Jazzed with the thought of solving Moriarty’s “posthumous game,” Sherlock throws himself into his work, tearing through minor case after minor case with Mary and John in the hopes that some sort of discernable pattern, some tiny clue to Moriarty’s scheme will reveal itself. The cracking mysteries that used to take up the entirely of a Sherlock episode are summarily solved in the first act—until one particular case, in which the son of a rich couple turns up dead in their driveway, leads into a bigger conspiracy involving a series of six plaster busts of former Prime Minister Margaret Thatcher (Sherlock, stalling for time, feigns ignorance: “The first female prime minister of the country.” “Right. Prime minister?” “The leader of the government.” “Right. Female?”). Sherlock discovers there has been a rash of break-ins at the residences of those who own plaster Thatchers, with the bust ending up smashed to bits in each incident.
Initially deducing the Six Thatchers conspiracy to be Moriarty’s plot, one of busts turns out to be the hiding spot for a duplicate of the memory stick Mary gave to John last season, which contained files detailing her former career as an assassin. It turns out the perpetrator of the robberies is one of Mary’s former associates, hell-bent on killing Mary in retaliation for an event that occurred in Tbilisi, Georgia six years prior, which he believes was the result of her betrayal of their team.
The final fallout of the “Mary is a secret agent” story turns out to be a plot device that seems like it will be a fulcrum of the rest of the season: the break-up of John and Sherlock. Mary, ostensibly paying him back for having to shoot him last season, jumps in front of a bullet meant for Sherlock (it turns out the Georgian betrayal was the act of the elderly receptionist from the first act, and she would have gotten away with it, too, had it not been for that meddling consulting detective). John lashes out at Sherlock for his culpability in Mary’s death—and likely acting on feelings of guilt, for moments before he seemed about to confess to having had an affair (whether physical and/or emotional is not made clear) with a woman he encountered on the city bus. It’s an odd little subplot that will likely crop up in future episodes, to either complicate John’s “good man” persona or to introduce a new female character after so quickly dispatching the last.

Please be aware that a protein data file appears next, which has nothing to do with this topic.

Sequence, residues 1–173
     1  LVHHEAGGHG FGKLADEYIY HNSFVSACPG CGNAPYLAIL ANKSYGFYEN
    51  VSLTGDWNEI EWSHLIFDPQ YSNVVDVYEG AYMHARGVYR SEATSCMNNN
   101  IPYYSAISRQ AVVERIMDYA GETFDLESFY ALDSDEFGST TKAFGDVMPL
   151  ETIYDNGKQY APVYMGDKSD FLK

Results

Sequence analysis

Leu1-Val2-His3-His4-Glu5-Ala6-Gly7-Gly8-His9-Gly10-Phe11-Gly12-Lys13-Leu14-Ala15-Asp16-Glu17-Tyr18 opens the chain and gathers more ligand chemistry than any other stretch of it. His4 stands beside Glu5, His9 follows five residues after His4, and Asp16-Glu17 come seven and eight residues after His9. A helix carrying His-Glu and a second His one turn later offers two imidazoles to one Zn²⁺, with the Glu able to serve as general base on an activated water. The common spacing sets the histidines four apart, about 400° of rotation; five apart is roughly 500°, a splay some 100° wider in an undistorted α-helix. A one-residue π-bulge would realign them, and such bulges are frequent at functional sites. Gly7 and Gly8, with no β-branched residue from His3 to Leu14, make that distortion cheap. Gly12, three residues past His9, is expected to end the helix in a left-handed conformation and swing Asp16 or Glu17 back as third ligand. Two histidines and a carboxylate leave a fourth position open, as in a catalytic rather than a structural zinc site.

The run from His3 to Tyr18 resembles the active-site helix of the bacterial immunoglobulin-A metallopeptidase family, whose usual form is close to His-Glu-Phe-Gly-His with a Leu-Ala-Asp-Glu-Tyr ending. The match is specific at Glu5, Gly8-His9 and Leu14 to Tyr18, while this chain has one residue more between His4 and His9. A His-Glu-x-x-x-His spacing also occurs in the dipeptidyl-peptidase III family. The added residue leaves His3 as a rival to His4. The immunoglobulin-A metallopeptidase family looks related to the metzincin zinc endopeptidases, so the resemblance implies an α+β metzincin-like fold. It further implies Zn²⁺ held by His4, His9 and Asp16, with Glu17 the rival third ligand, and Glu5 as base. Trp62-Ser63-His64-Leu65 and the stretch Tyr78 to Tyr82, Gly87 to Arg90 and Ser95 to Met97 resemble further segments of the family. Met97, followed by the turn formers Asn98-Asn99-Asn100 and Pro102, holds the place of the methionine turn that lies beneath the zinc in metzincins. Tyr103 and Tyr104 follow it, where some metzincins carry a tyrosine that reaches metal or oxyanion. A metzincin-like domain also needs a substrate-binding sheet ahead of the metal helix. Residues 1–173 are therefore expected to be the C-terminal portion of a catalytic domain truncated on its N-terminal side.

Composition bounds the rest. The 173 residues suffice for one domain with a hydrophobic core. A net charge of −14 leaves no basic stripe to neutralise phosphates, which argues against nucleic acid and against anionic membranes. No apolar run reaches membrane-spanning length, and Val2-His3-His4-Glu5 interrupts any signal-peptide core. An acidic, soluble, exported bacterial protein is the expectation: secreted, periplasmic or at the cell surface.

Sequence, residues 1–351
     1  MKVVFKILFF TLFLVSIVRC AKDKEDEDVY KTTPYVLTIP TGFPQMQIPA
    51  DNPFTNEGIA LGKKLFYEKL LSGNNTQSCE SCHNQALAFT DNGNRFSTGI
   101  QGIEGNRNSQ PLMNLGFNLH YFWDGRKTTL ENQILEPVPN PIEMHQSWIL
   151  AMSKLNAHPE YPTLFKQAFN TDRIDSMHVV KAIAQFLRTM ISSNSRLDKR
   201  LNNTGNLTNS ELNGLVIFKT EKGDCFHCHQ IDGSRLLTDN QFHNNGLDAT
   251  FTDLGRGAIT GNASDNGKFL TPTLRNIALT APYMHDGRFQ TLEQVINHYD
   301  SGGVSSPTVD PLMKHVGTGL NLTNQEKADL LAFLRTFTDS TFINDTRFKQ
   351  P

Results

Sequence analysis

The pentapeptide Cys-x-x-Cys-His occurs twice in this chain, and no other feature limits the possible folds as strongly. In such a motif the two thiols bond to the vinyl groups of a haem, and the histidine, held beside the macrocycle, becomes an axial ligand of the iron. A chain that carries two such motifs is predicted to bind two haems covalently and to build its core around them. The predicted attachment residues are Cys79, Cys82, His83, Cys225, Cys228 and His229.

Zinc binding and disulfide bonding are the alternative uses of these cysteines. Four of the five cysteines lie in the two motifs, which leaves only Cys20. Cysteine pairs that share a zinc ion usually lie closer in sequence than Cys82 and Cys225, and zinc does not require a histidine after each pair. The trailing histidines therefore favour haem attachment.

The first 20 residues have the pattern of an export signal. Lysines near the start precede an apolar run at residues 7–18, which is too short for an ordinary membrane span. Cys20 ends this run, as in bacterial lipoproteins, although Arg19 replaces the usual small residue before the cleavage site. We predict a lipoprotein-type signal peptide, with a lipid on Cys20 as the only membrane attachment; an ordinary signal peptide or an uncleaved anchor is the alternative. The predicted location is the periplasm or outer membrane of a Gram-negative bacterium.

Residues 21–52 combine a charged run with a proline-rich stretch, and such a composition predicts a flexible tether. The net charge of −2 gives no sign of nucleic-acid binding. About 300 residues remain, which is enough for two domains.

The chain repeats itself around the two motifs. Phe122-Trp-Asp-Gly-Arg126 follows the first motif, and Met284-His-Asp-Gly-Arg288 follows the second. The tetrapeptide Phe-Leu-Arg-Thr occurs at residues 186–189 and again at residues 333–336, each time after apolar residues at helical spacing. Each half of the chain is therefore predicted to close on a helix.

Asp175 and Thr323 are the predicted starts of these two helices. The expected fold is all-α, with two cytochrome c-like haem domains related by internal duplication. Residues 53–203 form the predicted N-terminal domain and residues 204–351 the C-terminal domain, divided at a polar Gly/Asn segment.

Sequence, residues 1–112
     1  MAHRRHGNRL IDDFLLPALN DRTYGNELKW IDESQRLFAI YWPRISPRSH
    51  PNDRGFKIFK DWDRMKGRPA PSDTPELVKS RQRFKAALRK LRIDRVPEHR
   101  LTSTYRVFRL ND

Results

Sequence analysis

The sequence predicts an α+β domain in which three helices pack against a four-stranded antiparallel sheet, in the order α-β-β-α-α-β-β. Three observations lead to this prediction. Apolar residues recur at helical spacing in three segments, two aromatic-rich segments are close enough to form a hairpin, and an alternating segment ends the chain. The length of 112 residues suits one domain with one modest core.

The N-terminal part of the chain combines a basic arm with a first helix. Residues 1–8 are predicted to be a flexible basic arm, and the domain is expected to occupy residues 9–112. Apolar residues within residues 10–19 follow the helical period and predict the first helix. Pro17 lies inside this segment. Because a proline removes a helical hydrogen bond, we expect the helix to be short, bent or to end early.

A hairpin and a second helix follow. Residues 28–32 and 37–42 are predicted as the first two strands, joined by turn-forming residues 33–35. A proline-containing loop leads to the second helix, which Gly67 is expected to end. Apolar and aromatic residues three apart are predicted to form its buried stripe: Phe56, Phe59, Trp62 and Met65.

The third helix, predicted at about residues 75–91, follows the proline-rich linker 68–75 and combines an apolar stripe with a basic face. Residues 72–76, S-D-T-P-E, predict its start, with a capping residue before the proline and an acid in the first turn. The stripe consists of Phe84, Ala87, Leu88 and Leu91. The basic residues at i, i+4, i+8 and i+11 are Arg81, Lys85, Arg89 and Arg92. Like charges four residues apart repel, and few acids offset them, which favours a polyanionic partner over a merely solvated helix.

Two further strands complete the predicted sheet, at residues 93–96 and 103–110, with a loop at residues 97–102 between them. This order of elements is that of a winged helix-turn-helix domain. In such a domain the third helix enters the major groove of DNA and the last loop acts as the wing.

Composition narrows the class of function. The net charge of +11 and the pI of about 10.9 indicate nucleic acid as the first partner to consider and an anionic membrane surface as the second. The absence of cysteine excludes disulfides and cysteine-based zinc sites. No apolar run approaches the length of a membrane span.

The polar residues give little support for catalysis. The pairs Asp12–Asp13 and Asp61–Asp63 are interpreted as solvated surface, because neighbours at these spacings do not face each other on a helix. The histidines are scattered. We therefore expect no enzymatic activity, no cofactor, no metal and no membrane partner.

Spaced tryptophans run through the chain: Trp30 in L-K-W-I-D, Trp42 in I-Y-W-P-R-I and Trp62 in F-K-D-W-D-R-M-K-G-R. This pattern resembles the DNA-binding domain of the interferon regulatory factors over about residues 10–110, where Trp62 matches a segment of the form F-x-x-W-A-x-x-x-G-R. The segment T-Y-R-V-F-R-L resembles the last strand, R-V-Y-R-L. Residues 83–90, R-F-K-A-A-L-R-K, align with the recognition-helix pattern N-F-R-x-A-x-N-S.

And there lies one of the problems with post-”Reichenbach” Sherlock. In expanding the world of the show, the series has strayed farther away from what made it so compelling in the first place. Sherlock and John’s interactions are pushed to the margins of “The Six Thatchers” to make room for Mary’s expanded role. Incidentally, any progressiveness gained from adapting what is traditionally a passive female character into a woman of action as Sherlock did with Mary is immediately undone by killing her off to further the male character’s stories. The episode ends with Sherlock in therapy, but Sherlock itself is in need of a bit of critical self-reflection.
Mallory Andrews is a senior editor for cléo, an online journal of film and feminism. She is a bi-weekly columnist for Movie Mezzanine, and has also contributed to The Dissolve, Indiewire, Cinema Scope and Esquire.